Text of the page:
Unlike Jedi Knight’s use of secret areas to increase Force Powers, as you advance in Jedi Outcast you are given new Force Powers and improvements on preexisting ones. Each Force level has three ranks, Lightsaber throw begins a basic boomerang move, but as you increase in ability, you gain more control over where the lightsaber goes. Possible negatives to this include that you aren’t controlling your character and level design follows your advancement- meaning that if you suddenly advance in Force Jump or Speed, trust that you’ll need those powers to complete the level. As one who’s tasted both the dark and light side, Kyle is not restricted as to the Force Powers he receives.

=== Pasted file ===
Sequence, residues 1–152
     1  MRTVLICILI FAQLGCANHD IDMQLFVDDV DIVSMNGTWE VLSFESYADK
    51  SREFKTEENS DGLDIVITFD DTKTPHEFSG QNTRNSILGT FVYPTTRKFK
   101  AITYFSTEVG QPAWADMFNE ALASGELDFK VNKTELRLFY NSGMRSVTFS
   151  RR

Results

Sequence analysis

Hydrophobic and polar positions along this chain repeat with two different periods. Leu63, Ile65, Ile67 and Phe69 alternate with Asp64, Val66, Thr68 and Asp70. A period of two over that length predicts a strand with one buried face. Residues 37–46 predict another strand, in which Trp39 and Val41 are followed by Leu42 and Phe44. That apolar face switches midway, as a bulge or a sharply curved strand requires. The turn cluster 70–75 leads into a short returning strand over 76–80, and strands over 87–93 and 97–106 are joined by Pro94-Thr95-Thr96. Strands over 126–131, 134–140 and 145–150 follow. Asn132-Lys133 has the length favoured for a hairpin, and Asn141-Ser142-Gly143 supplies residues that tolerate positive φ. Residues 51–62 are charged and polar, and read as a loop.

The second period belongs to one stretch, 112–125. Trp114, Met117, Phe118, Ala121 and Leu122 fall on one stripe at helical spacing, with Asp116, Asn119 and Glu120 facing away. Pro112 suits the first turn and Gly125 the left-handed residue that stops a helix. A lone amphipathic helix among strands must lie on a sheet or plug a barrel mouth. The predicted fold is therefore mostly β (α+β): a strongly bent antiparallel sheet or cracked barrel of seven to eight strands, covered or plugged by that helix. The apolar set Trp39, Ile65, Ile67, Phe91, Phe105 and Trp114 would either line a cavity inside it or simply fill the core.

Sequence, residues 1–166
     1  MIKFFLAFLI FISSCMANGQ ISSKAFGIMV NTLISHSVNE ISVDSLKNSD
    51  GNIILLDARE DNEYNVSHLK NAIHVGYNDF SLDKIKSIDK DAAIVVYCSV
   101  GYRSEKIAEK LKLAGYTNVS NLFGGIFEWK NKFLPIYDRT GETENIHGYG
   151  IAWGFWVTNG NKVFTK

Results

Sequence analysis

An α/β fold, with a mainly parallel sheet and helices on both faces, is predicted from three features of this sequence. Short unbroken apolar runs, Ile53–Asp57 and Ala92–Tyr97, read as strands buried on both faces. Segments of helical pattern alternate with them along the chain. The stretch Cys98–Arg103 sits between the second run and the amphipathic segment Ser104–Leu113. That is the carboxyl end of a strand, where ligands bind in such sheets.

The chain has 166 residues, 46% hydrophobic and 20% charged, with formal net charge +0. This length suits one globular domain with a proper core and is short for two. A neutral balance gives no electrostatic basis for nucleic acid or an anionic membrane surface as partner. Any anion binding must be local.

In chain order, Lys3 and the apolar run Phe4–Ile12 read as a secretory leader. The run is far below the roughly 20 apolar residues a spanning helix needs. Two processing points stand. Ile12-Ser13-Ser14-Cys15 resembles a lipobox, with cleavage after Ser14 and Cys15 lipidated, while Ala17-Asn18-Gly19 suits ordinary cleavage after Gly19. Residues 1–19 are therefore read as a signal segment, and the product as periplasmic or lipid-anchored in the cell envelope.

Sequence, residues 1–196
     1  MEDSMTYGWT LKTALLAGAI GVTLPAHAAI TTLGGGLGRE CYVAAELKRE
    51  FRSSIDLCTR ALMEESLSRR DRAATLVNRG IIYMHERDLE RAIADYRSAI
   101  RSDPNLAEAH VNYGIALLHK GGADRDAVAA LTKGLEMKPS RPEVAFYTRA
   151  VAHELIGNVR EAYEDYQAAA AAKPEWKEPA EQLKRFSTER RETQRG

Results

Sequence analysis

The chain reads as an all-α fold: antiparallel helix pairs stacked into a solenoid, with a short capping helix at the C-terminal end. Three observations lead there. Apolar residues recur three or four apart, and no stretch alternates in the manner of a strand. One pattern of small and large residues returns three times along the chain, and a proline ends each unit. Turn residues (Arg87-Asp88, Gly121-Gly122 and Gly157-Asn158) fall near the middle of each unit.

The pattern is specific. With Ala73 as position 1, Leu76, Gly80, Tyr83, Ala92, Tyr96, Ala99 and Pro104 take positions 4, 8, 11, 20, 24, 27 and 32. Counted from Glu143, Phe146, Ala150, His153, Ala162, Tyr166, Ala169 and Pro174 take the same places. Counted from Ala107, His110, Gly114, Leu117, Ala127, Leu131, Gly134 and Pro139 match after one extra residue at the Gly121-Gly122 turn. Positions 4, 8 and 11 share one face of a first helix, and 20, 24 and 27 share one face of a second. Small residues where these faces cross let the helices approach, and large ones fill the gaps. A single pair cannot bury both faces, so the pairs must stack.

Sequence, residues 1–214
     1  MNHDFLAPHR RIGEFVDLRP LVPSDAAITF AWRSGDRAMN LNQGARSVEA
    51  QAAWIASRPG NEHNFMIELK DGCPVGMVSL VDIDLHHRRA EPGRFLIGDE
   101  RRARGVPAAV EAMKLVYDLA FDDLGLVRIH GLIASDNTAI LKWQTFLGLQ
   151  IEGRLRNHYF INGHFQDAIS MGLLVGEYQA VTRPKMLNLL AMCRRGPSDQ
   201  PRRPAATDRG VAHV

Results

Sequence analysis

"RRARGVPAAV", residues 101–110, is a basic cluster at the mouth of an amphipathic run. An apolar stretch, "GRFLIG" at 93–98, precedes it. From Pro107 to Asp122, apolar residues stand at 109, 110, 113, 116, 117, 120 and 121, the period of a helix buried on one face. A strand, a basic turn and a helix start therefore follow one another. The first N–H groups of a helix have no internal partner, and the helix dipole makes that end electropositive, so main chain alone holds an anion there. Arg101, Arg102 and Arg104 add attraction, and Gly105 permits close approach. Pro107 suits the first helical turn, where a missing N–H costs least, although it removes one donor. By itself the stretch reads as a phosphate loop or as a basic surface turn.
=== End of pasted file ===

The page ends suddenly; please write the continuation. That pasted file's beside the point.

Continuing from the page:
Force Powers are better integrated too. Force Jump uses the jump button, no need to hit a function key for that one. Force Speed presents the accelerated motion of your character by slowing down the outside world. Stormtroopers stand like statues as lightsaber strikes them down. Even better, you can walk between laser blasts.
Lightsaber combat is the most improved aspect of the game, incorporating the acrobatic battles of the prequels. There are different fighting styles and plenty of opponents to duel against. Beware, these opponents also have the power of the Force and will use cunning tactics to defeat you.
I found myself very engrossed in the story. Unlike Dark Forces or Jedi Knight, I felt like I was actually in the Star Wars Universe. Environments are so realistic, several settings are familiar from the movies and the game makes excellent use of cameos. While Mark Hamill couldn’t voice Skywalker, the actor who does is very convincing. And you get to hang out with Lando! How cool is that!